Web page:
OD Lifesaver: EMS reports increase in Narcan use

OD Lifesaver: EMS reports increase in Narcan use
Published: Nov. 14, 2016 at 9:45 PM CST|Updated: Nov. 14, 2016 at 9:48 PM CST
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BATON ROUGE, LA (WAFB) - There are few things that can free a person from the grips of a deadly drug overdose. One thing that can is a medicine that has become a vital tool for first responders and it is more accessible than ever, but some worry it is still not in the hands that need it most.

When naloxone was approved by the FDA in the 1970s, medical experts were quick to recognize its value. The drug sold under the brand name Narcan can instantly reverse an opioid overdose by blocking the brain's opioid receptors.

By the early 1980s, the World Health Organization designated it as an essential medication to have on hand.

Now, it is one of the most used medications in a paramedic's tool box.

"Some people call it a miracle drug," said EMS Spokesman Mike Chustz. "Narcan is something that when you use it, it has an almost instant effect. I've seen it save lives over and over."

Law enforcement and medical experts report the Baton Rouge Metro area is in the grips of an opioid epidemic, thanks to an increase in use of heroin and other narcotics. It's also led to a spike in deadly overdoses.

The East Baton Rouge Parish Coroner's Office first reported an increase in overdose deaths in 2013, and it's a trend found nationwide.

"Approximately 80 people a day are overdosing from some type of opioid, whether that's heroin, OxyContin, oxycodone, or the fentanyl. It's scary," said Assistant Special Agent in Charge Brad Byerley with the Baton Rouge DEA office.

For the DEA, Narcan is also becoming an essential tool for agents. Byerley explained that more and more agents are trained on how to administer the drug if they come across a victim. In some cases, Byerley said it is the agents that need saving.

According to Byerley, some of the newer synthetic opioids being found, like fentanyl, are so volatile they can be absorbed through the skin. The agent said there have been a few cases of officers being exposed accidentally, leading to a medical emergency.

As the number of overdoses rose in the metro area, EMS also reported a sharp increase in cases where Narcan was needed. In fact, EMS reports an 87 percent increase from 2013 to 2016.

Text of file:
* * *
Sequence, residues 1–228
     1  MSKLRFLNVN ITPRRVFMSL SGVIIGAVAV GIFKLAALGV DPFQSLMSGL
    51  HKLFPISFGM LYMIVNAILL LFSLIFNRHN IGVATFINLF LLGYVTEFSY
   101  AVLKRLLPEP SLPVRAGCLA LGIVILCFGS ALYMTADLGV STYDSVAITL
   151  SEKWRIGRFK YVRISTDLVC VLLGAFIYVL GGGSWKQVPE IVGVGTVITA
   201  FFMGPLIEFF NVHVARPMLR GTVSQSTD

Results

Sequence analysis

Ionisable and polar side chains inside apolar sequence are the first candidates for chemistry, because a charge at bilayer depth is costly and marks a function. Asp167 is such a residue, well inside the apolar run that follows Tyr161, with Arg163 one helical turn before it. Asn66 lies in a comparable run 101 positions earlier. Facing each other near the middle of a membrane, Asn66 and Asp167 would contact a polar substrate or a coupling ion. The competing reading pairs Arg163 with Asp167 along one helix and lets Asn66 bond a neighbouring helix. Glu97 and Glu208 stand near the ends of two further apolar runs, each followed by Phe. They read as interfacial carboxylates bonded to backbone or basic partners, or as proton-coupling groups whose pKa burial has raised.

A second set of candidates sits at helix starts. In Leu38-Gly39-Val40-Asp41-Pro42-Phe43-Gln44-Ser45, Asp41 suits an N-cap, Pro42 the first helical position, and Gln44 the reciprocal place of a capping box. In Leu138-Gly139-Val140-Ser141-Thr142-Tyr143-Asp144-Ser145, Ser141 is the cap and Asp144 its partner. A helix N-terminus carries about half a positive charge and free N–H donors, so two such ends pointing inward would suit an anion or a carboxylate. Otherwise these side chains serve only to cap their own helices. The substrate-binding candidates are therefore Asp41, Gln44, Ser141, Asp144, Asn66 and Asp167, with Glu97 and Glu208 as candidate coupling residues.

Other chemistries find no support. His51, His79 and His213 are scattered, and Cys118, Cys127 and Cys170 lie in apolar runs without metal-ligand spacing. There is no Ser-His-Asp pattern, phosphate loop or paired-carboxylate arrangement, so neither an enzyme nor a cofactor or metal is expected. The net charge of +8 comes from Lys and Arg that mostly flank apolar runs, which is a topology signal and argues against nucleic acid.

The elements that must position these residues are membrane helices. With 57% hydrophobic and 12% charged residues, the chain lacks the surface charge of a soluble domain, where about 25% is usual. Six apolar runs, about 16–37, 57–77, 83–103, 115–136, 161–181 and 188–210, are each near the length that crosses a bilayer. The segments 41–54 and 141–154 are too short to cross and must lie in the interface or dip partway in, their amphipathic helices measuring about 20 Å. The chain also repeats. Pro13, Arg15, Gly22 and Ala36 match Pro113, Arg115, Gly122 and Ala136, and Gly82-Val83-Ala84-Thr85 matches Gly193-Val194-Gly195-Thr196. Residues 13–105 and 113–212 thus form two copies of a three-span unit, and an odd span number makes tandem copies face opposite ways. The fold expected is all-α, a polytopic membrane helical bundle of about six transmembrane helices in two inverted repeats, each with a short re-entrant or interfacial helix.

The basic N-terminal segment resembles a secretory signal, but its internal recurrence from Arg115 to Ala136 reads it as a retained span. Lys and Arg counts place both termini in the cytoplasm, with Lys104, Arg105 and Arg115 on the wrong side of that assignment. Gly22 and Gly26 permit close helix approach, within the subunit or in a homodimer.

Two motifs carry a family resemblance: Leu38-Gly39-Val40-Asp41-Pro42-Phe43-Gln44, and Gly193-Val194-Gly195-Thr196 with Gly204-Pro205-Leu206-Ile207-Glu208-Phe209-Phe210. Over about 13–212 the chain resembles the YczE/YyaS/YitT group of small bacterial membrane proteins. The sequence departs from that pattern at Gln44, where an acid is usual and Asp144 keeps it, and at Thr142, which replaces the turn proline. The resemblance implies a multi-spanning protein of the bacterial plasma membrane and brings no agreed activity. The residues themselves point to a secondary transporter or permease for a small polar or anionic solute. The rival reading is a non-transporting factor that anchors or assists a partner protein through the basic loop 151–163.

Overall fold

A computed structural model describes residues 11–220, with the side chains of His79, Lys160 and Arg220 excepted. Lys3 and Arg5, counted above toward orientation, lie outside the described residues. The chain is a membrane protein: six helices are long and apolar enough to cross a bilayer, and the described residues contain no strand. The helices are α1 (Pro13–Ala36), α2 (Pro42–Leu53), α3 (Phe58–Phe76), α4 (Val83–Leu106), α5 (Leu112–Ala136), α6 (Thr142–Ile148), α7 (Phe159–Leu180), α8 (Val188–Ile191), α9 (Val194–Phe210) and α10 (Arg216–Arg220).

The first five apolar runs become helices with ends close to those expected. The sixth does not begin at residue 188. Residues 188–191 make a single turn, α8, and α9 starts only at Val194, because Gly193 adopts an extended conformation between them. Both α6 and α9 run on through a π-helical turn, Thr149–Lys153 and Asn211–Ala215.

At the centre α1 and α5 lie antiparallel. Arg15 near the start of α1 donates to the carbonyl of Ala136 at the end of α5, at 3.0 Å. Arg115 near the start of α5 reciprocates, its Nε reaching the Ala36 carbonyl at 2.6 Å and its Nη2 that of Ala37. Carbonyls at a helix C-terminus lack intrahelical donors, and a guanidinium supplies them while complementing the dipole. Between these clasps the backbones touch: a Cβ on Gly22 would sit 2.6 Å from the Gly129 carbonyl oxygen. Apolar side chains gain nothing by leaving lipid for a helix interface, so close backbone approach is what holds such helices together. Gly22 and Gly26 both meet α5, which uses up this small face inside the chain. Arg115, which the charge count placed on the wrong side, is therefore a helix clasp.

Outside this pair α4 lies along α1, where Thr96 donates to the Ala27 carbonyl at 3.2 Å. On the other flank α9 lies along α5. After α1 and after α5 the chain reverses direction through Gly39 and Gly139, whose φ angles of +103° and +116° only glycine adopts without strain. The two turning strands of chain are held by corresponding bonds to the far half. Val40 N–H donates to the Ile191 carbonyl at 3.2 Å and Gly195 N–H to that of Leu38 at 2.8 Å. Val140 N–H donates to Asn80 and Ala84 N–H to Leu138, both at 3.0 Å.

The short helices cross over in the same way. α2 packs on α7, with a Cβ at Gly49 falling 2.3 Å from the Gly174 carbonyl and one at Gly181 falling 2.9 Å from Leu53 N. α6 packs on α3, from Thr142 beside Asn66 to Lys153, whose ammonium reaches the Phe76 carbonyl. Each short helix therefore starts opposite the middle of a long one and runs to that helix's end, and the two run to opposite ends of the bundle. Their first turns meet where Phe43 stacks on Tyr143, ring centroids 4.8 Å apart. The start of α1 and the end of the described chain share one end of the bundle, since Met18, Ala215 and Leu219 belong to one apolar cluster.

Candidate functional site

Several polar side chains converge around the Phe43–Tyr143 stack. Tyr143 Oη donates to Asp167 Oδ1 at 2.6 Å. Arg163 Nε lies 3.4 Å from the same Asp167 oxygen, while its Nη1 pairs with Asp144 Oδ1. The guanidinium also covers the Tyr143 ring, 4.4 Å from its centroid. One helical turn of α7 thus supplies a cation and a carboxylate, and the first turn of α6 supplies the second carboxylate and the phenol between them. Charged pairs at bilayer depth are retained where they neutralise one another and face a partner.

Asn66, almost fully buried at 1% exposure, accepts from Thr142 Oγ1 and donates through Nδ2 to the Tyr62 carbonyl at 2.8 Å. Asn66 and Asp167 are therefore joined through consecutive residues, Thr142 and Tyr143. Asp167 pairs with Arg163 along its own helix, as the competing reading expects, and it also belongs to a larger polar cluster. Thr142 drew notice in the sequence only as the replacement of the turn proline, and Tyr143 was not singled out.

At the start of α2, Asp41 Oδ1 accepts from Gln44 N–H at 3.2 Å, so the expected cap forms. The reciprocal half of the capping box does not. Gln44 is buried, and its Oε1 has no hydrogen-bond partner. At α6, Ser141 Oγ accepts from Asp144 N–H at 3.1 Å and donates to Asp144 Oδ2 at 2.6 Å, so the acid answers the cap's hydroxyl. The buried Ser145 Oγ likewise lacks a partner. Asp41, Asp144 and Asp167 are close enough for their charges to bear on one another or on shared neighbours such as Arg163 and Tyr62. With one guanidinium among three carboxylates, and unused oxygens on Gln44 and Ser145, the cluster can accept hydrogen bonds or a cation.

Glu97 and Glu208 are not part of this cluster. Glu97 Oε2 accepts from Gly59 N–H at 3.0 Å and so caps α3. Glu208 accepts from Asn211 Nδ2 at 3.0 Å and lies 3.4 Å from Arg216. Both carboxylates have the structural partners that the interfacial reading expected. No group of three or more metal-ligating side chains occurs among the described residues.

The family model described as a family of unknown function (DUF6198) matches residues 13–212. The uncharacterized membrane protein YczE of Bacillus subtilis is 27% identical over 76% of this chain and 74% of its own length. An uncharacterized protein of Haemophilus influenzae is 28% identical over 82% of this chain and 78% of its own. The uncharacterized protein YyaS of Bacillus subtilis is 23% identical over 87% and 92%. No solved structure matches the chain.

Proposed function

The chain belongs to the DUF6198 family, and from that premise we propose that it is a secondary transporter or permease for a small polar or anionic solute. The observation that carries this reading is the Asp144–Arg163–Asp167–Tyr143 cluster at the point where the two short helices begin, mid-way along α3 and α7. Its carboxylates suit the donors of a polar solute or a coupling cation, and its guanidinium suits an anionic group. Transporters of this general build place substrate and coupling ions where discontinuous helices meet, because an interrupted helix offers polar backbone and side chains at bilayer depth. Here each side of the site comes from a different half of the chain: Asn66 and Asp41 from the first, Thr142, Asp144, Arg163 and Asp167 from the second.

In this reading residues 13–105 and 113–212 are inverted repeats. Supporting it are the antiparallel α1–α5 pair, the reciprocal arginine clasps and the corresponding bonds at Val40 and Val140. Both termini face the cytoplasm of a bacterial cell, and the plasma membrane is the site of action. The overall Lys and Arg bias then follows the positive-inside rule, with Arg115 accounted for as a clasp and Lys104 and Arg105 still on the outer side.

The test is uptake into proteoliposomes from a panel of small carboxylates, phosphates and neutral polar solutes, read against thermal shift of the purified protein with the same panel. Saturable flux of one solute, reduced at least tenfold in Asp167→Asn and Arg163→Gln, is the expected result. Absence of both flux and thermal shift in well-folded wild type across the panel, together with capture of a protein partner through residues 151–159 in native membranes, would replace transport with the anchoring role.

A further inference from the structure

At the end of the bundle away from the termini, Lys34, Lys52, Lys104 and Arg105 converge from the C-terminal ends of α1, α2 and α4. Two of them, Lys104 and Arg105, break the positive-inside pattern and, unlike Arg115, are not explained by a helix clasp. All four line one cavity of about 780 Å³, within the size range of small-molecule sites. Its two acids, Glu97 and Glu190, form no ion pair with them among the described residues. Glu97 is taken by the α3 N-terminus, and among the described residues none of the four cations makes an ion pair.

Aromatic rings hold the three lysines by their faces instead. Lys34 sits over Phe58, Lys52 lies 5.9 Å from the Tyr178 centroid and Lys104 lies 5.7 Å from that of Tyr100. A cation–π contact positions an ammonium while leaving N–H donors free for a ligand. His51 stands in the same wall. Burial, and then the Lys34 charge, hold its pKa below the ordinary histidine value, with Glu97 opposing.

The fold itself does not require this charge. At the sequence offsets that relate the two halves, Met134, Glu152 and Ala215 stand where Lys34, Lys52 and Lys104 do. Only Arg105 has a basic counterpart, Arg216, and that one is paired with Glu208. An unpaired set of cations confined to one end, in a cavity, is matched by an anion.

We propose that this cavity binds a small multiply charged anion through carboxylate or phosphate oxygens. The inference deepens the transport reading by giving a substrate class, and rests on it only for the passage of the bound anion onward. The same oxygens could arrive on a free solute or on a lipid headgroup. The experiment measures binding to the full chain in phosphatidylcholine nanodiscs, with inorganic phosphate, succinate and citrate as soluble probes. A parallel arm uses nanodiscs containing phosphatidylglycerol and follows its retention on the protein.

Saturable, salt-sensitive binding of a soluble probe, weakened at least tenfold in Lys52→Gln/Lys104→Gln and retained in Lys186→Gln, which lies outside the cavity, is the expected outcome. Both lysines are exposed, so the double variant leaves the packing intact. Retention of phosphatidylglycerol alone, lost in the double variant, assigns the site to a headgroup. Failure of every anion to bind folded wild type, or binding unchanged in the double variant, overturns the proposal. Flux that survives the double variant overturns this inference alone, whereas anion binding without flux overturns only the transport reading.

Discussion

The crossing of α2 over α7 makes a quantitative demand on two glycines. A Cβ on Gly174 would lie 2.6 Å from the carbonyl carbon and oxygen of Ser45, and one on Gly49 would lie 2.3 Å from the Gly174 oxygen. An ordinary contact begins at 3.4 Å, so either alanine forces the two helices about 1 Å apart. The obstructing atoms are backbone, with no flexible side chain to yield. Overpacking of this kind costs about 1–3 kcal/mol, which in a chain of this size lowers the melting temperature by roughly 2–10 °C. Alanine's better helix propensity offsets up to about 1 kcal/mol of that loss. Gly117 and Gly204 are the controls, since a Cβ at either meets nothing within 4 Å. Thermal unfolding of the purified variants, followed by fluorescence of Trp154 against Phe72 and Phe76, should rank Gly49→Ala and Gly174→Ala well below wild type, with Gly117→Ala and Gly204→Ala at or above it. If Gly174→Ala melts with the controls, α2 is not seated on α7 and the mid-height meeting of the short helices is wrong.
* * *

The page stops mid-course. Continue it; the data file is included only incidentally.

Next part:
From January 1 through October 26 in 2016, EMS administered 486 doses of naloxone. For that same time period in 2013, they administered only 260. That means hundreds of lives have been pulled back from the brink of an OD death, but some believe even more can be saved.

"We want Narcan to be available to everyone, everywhere at any time," said No Overdose Baton Rouge founder Logan Kinamore.

No Overdose Baton Rouge is a grassroots group whose goal is to provide harm reduction services for drug users. Among those services is distributing Narcan.

Over the past three years, state lawmakers have made Narcan increasingly more available. First responders and officers can use the lifesaving drug without a prescription. The DEA is sending their agents out with naloxone kits.

In an emergency, civilians can administer it without risk of liability, and while the drug is not available over the counter, a pharmacy can distribute it under a doctor's standing orders.

However, Kinamore believes the laws need to go a step further.

"You should be able to go to a pharmacy, and just ask your pharmacist to buy some Narcan over the counter," Kinamore said. "The people who are in the lives of people who use drugs are the first responders."

Chustz said one of the advantages to naloxone is that there's little chance of complications from the drug. If used on a patient who is not suffering an overdose, there's no effect at all. Patients who are given Narcan in the midst of an overdose will experience side effects similar to a withdrawal.

However, Chustz is quick to warn that the drug should not be considered a free pass for users. It is expensive and has to be administered quickly in order to be effective.

"A lot of things have to happen positively for you to survive. Someone has to discover you, someone has to call 911 or get you to an emergency room and they have to do it in a very, very timely fashion," Chustz said.

As far as addressing the larger opioid epidemic, lawmakers also created the Commission on Preventing Opioid Abuse which will work with state and community agencies to study the problem and make recommendations by February 2017.

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